March 11, 2010

Review: "Making Herbs Simple" -- Tinctures

I like to make a lot of things myself. Not only for the joy of making something with my own hands, but to save our family money. I hope to give the following recipes a try this year. It's a goal...if I don't do it this summer, maybe next year. Each year the garden gets better. Each year I learn something more about homesteading. Each year there are great possibilities. If they don't all happen I have the joy of knowing I tried.

Proverbs 31:17 "She sets about her work vigorously; her arms are strong for her tasks."

It's good to have a goal!

Part One -- Tinctures

I borrowed
"Making Herbs Simple" from the library the other day. The Bulk Herb Store not only sells this video but has a lot of dried herbs, accessories, and heirloom seeds that you can purchase. They also have a lot of information about herbs: using herbs, cooking with herbs, and making medicinal items with herbs. If you're a hands-on kind of gal like me you might want to watch the video to really get a good grasp on herbal remedies. Following are some of the highlights from the video.
Plantain Tincture -- Did you know Plantains live in pretty much everyone's yards? This herb is great for soothing bug bites, bad complexions, and for toothaches (chew a bit of it and hold it on the sore tooth to soothe). What you do is pick plantain and wash it. Break it up into pieces and fill a glass jar (a canning jar does well) with the herbs. Pour apple cider vinegar (the kind that has the mother in it) over the top to cover it. Store it in a dark cool place. Shake it a couple of times every day. It will look nasty with it's greenish-brown tint. In 2 weeks you can strain it into another jar with a cheesecloth. Store it in a cool dark place. Don't forget to label and date it since tinctures last between one and three years. You dab this on bug bites and stings or use on a bad complexion. The ladies say not to be in the sun much if you're using this on your face. I'm not sure why. I haven't used this yet since it's winter and there are no plantains to be found but I will definitely be giving it a try come spring!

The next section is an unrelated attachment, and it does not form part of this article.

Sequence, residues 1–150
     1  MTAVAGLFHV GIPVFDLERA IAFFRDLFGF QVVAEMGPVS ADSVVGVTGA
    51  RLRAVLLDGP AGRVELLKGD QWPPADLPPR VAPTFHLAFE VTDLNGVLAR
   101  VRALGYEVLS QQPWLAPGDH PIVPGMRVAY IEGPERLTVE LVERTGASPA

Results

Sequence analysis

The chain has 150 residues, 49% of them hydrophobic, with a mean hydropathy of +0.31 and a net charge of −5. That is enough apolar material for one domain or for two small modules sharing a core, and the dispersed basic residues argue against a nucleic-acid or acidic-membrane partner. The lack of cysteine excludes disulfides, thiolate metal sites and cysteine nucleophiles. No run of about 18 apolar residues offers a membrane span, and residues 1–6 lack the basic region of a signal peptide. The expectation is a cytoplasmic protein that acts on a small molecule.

Chamomile Tincture -- I'm going to start growing some Chamomile in the herb garden this year! Chamomile relaxes nerves and muscles, and helps you sleep! It's gentle enough that children can drink chamomile tea! Wash and then hang to dry your chamomile (hang up to dry 3-5 days in a warm, dry, dark place) . Once they're dry pop off the dried flower heads. Fill a jar half full and pour enough boiling water in it to make it thick and muddy. Add food grade glycerin to the top of the jar. Heat the jar on a low setting for 3 days. (Put a cloth in the bottom of a crock pot and put your jars in. Put enough water in the crock pot so it's half way up the jar.) Once it's done strain it with cheese cloth while warm. Label and store it in a clean jar with a dropper. Add enough drops to your hot water for tea for a nice relaxing flavor. How much you add depends on how concentrated your chamomile/glycerine mixture is. Tomorrow I will share some tips on making a poultice.

1 comment:

Angie said...

The dried chamomile flower heads make wonderful tea. Once they have been dried and stored you don't have much of an expiration date and you can make tea whenever you want. My kids drink chamomile mostly in the winter and when they have a cold. It is a relaxer and gentle sleep aid.

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